8. Wow, the use of metaphors is a poem does create something of meaning- but the wall you had mentioned is something amazing, it had many people engaged in writing what they wanted to do before they die- this will have allowed people to work exceptionally hard to achieve these goals- this is truly amazing 

    1. Thanks for your visit and for sharing your thoughts.

      I do agree.  That wall is a marvelous creative effort and I think it must work to help clarify people’s thoughts about what holds meaning for them in their lives.

      Please do come again….

  9. This is a lovely post that everyone needs to read. Death is something most people shy away from, however , it is inevitable. Life is indeed short, and death is sure; it does not respect economy or social status. 

    Talking about right regret as contained in your poem, I sincerely don’t want any regret. Perhaps what could be a right regret is not loving the people who really deserve my love, and that is my family, who have always been there for me.  Thanks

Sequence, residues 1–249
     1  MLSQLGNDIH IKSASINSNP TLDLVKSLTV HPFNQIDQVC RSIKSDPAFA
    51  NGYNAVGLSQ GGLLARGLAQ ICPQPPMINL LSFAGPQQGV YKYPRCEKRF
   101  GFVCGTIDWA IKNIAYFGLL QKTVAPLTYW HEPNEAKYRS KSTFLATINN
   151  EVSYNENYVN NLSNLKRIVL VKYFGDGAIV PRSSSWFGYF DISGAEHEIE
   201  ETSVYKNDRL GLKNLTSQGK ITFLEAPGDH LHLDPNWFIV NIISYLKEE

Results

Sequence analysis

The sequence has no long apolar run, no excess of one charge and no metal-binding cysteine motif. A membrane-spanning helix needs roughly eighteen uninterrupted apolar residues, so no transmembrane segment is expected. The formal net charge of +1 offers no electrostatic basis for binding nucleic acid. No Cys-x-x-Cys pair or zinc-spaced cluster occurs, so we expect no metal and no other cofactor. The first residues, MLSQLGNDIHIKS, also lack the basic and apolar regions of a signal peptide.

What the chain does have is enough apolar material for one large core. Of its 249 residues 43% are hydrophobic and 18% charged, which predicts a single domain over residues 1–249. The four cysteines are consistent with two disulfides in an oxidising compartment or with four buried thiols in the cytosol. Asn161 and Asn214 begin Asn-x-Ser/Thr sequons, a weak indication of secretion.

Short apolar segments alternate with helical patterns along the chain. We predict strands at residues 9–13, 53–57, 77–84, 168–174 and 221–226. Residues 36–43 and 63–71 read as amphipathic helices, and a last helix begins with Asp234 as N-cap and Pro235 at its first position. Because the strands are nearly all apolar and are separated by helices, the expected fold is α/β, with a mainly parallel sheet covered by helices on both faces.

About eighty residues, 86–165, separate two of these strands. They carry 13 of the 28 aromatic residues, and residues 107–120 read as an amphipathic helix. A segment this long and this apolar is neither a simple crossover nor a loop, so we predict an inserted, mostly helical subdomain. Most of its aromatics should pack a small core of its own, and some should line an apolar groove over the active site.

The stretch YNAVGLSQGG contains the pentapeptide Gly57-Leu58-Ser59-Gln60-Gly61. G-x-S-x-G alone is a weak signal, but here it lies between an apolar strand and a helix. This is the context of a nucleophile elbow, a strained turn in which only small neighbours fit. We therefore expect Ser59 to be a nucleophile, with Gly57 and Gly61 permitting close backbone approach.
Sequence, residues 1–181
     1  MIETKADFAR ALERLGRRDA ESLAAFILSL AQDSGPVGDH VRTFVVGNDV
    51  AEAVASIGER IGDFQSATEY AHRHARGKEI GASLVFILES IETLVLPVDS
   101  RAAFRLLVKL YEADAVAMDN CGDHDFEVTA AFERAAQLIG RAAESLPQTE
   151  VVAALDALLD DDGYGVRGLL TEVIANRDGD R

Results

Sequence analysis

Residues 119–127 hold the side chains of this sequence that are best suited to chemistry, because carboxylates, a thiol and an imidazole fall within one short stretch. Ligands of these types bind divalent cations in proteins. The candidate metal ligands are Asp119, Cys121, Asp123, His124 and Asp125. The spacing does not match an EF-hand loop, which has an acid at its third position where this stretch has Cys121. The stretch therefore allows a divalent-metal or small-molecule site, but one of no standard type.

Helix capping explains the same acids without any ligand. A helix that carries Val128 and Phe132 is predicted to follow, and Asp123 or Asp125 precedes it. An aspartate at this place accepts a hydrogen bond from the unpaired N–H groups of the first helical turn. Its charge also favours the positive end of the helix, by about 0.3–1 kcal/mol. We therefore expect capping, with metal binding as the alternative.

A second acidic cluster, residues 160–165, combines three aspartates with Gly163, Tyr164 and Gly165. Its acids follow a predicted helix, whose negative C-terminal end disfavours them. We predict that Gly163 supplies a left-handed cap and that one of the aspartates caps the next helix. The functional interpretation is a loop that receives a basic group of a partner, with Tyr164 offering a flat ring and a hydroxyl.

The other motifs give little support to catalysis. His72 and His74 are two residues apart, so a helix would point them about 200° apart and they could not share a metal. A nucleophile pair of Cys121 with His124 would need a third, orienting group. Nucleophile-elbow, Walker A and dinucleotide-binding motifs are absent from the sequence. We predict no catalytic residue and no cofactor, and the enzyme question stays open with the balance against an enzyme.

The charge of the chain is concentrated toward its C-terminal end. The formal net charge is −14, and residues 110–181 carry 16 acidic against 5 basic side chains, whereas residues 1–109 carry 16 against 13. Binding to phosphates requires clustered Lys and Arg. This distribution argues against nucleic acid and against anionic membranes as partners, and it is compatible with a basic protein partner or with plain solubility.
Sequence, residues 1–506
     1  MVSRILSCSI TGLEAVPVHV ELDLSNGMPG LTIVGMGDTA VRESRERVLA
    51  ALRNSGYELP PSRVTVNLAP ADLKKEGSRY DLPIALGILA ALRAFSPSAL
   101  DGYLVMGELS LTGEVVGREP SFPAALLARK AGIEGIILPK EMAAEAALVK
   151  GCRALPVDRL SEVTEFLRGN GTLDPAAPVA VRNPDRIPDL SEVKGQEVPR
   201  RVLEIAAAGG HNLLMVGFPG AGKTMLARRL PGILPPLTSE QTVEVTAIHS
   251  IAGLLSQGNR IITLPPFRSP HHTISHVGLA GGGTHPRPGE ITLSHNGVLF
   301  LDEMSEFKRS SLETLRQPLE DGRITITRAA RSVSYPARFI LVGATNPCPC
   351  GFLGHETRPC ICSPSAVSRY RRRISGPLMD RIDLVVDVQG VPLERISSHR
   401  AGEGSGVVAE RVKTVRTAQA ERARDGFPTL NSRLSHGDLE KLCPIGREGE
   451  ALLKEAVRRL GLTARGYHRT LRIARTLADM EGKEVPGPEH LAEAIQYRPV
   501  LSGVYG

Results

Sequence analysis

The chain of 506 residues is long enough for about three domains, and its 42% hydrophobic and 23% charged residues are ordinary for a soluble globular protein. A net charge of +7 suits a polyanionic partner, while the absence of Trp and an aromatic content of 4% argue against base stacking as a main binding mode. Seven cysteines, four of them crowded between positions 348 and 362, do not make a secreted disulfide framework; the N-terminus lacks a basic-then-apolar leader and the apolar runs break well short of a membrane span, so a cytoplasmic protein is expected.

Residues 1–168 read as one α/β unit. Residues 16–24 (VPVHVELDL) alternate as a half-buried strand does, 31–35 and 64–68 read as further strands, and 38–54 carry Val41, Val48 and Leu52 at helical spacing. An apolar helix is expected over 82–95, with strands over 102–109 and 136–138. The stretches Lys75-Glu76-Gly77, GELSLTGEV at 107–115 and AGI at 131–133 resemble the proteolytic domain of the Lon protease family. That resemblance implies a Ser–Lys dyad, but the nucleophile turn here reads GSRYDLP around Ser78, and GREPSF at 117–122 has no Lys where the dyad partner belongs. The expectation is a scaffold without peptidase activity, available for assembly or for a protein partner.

1. Thanks for the visit and for sharing your thoughts, Tolu.  I am so pleased that it helped you think.

      Please do come again.

  10. Edgar Ahimbe says:

    I have come to think of life as a metaphor; always trying to connect and understand what it throws at me!  

    I have watched the “Before I die i want …” video by Chang that has made be have a better understanding of the piling of metaphors. You have driven the point home the best way imaginable.

    The poem “Rights Regret” reminds me of the ash put on our foreheads on Ash Wednesday; a reminder that we are mortal and that we should think about death.

    This post has given me a ride into the world of poetry and I enjoyed it. Thank you.

    1. Thank you for your visit and for sharing your thoughts, Edgar.  I’m glad you enjoyed the post.

      Please do come again.

  11. Wow this poem is really meaningful. I always tell myself to live my life to the fullest. You never know when or what will happan to you. 

    All I care now is taking care of my health and do things on my bucket list. I used to be afraid of death when I was a kid. Now I just embrace it and let it happens. Great poem 🙂

    1. Thanks for your visit and for sharing your thoughts, Nuttanee.  I do appreciate it.  

      Please do come again.